About 90% of the global warming occurs after the CO2 increase.


In the graph below, the cores mentioned in the key are ice-cores drilled from the ice of Antarctica.

MLO refers to the Mauna Loa Observatory in Hawaii.

It is clear the current rise in the level of carbon dioxide is far bigger than 'natural' changes.

In the graph, the jagged peak around 115,000 to 140,000 years ago is the Eemian Interglacial, when carbon dioxide was fairly high.

Interglacials often have local names - in Britain the Eemian is known as the Ipswichian.

After that, CO2 levels dropped.

The Earth cooled into a long glacial stage, which ended around 12,000 years ago.  In the UK that stage is called the Devensian.




Carbon dioxide levels are now rising much faster than normal.



Of course carbon dioxide is only one factor involved in glacial-interglacial stages.

Henrietta Leavitt and the discovery of Cepheid Variable Stars.

Distances in space were largely a mystery at the start of the 20th century.

The distances of some stars had been measured using a method called 'parallax'.



Finding distances of objects far out in space needed a new discovery.



The person who made that discovery was Henrietta Leavitt.

She discovered that certain types of variable stars changed brightness in a regular way.



These pulsating stars are known as Cepheid variables, named after the star Delta Cephei. 

Henrietta Leavitt looked at large numbers of these stars in a feature called the Small Magellanic Cloud, and discovered that brighter Cepheids pulsed more slowly than dimmer ones.

Tuesday, 27 January 2015

Global Warming - where does the heat go?



As global warming continues, heat goes into all parts of the Earth's systems.

The Earth is gaining more heat than it loses, and most of that heat is going into the oceans.

More heat is going into the upper parts of the oceans.

The water in the oceans is expanding, which is one reason sea level is rising.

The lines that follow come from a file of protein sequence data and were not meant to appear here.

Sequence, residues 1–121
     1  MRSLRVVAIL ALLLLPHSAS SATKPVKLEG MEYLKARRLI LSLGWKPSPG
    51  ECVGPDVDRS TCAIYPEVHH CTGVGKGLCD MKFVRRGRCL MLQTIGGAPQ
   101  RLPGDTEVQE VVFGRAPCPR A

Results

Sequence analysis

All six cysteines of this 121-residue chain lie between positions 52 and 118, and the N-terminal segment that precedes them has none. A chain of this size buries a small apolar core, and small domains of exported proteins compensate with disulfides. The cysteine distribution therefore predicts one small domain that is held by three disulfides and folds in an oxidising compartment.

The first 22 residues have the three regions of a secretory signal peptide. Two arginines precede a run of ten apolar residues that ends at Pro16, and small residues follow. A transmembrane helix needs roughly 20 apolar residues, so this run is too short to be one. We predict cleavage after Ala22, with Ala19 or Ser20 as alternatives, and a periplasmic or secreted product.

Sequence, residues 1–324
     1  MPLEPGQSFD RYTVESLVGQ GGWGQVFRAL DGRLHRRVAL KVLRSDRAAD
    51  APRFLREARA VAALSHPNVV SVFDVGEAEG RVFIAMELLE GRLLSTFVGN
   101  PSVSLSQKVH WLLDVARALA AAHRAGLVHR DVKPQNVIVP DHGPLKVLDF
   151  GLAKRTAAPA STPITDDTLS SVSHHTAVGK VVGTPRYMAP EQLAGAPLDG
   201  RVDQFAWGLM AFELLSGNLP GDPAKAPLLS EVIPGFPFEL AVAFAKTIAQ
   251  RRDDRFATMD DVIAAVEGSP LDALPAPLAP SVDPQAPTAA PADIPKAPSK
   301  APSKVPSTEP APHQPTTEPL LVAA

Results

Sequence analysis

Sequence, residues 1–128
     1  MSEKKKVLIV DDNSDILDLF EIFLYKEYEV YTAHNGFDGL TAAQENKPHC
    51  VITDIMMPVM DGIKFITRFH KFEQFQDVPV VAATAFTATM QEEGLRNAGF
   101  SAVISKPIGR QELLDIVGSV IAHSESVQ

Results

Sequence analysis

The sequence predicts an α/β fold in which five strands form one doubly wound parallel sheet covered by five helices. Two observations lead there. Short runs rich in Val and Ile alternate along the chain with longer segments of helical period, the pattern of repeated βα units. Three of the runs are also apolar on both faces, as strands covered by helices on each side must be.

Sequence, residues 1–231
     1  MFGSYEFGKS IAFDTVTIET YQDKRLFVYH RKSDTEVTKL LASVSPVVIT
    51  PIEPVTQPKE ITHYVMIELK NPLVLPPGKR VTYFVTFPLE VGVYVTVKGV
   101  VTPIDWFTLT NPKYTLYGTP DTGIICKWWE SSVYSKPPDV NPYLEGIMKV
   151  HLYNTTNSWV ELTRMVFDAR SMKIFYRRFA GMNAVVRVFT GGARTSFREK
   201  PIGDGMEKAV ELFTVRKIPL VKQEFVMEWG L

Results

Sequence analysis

The deepest oceans are still cold.

Some of the heat is involved in melting ice, including Arctic sea ice.



The recent reduction in Arctic sea ice is very dramatic.

The ice covering the Antarctic continent is also melting.

Fingal's Cave

Fingal's Cave is on Staffa, an island near Scotland.

The island, like many of the Inner Hebrides, is made of volcanic rock.



The vertical lines seen in the photograph were formed when hot lava cooled.

The shrinking lava produced a columnar pattern.

These volcanic rocks date from around 50 to 60 million years ago.

At that time, the North Atlantic was starting to form, with Europe beginning to split from North America.

This diagram shows how volcanoes developed between Europe and North America 60 million years ago, as magma from deep in the Earth moved upwards and was erupted at the surface. Volcanism has continued ever since along a structure called the Mid-Atlantic Ridge, creating new ocean floor and pushing the continents steadily apart at a rate of a few millimetres a year. In Iceland, this steady volcanism has interacted with a hot mantle plume to create the volcanic island we see today. (Image: © Elizabeth Pickett

This diagram shows how volcanoes began to separate Europe and North America 60 million years ago.

Magma from deep in the Earth moved upwards and was erupted at the surface. 

Volcanism has continued ever since along a structure called the Mid-Atlantic Ridge.

It created the Atlantic ocean floor and is still pushing the continents steadily apart at a rate of around 2.5 centimetres a year. 

In Iceland, this steady volcanism has interacted with a hot mantle plume to create the volcanic island we see today. (Image: © Elizabeth Pickett)

Monday, 26 January 2015

Climate change and extreme weather

Each time there are extreme weather events, people debate "Is there a link to climate change?"

It might be hard to prove either way in many cases.

Some researchers are finding that there is probably a link in some cases.

One scientist investigating one area of this problem is Professor Jennifer Francis.




Prof Francis is particularly interested in how the odd behaviour of the jet streams is being linked to the way the polar areas are warming faster than other parts of the Earth.

For example, in 2010 ......




There were some very unusual weather events in 2010, which may be a warning of future effects of climate change.

China and Brazil had serious droughts, and in the first part of the year the Northern Hemisphere warmed quickly, melting the winter snow cover very quickly.



The picture shows the dried-up River Negro in Brazil, with a bridge in the distance.  

But the biggest events were the heatwave in Russia and the flooding in Pakistan.

In Pakistan, Government officials said that from July 28 to Aug. 3, parts of Khyber Pakhtunkhwa province recorded almost 12 feet of rainfall in one week. 

The province normally averages slightly above 3 feet for an entire year.

        
       Pakistan Floods                                  Russian forest fire